Trigger warnings are often debated in the writing world. Some opine that readers should be warned if something potentially harmful is included in a book, and others feel the audience shouldn’t be bubble-wrapped and need to chin up if they want to read fiction. Like most things, the answer probably lies somewhere in the middle.
It can be easy to scoff away the idea of “being triggered” if one has never experienced damaging trauma, or if they have, they were able to process it in a healthy way. The reality is that dealing with emotional trauma is 100% personal. Even people experiencing the exact same event will cope with it differently based on their personality, age, support system, past experiences, education, and a host of other factors. So, assuming everyone should react the same way is ill-informed.
Where does this leave us, the authors? Ironically, in the same place had the trigger debate never occurred: we do our best to respect our readers, and use good judgment as we write.
No matter how dark and gritty our fiction is, we should never be gratuitous, meaning we should only show what we need to, not more. Genres will vary, but even if you’re writing a torture scene, there’s no need to slap every scream, sensation, and sweat drop onto the page. Overdone description will kill the pace and the impact will be lost under a wall of sensory words. Just like any other scene, our description should be balanced, pulling readers in without overwhelming them.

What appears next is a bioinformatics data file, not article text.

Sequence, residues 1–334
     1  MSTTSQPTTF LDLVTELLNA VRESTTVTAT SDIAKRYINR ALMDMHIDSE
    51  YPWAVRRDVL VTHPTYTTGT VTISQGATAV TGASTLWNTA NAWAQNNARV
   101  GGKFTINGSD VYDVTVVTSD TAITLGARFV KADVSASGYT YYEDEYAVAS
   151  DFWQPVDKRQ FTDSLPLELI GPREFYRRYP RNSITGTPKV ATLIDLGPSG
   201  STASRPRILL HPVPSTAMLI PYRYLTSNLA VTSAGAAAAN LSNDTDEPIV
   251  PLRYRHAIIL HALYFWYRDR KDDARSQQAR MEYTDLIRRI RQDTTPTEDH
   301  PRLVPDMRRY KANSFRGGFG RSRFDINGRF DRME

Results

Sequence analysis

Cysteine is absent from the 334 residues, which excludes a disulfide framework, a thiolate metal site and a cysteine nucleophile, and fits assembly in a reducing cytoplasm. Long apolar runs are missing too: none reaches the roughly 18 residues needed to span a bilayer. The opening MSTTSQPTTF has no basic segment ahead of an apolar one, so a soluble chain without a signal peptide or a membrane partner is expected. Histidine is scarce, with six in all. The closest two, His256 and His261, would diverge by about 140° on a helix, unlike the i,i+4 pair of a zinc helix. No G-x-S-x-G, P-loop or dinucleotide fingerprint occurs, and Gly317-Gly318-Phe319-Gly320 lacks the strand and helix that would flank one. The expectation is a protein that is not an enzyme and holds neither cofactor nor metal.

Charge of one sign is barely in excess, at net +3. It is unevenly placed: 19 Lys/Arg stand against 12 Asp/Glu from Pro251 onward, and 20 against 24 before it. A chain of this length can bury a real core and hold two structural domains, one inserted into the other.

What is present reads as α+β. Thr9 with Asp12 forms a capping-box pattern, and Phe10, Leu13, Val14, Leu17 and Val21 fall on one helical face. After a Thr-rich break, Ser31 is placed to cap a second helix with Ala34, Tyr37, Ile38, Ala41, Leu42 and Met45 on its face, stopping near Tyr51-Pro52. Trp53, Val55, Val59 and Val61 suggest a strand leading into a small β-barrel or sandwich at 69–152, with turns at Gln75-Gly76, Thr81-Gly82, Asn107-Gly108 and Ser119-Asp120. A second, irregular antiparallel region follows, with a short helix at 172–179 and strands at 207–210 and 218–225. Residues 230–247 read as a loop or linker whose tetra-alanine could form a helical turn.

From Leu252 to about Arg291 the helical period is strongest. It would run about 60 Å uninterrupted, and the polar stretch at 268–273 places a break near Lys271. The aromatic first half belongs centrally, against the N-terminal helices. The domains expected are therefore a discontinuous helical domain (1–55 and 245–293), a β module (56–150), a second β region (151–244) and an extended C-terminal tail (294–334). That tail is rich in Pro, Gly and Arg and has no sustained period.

Here are a few ideas on how to handle potentially triggering content.
Use Symbolism and Mood to Seed Hints
The back jacket copy should indicate some of what will unfold in the story and perhaps even allude to trauma your character experienced in the past. But you will still need to show a scene (or several) that portrays these wounding experiences. If you’re worried about triggering, then don’t have this event slam into the reader out of nowhere. Lay a few clues so readers can put emotional safeguards up if they need to.
Mood, for example, is an excellent way to steer reader emotion. Weather, light and shadow, and universal symbolism can all help you nudge the reader toward the dark content about to be shown. Personal symbolism tied to the POV character can also lay the groundwork that something hurtful may be about to unfold: a sound, a smell, an object, a texture, a place that has specific meaning for the character. Including something that triggers their memory can help foreshadow something uncomfortable may be coming.
For example, if your character is about to be assaulted behind the restaurant where she works, take a moment to show her reluctance to take the garbage out. Maybe it’s because of the lack of alley lighting, or a memory surfaces of being surprised by a ranting homeless man who was digging in the trash another time she performed this chore. You could have her ease the door open and try and listen for hidden noises before venturing out to the bin. Or have an unpleasant odor hit her as she enters the dark. Symbolism and mood not only increase tension, they can give a subtle heads up that something significant is about to happen.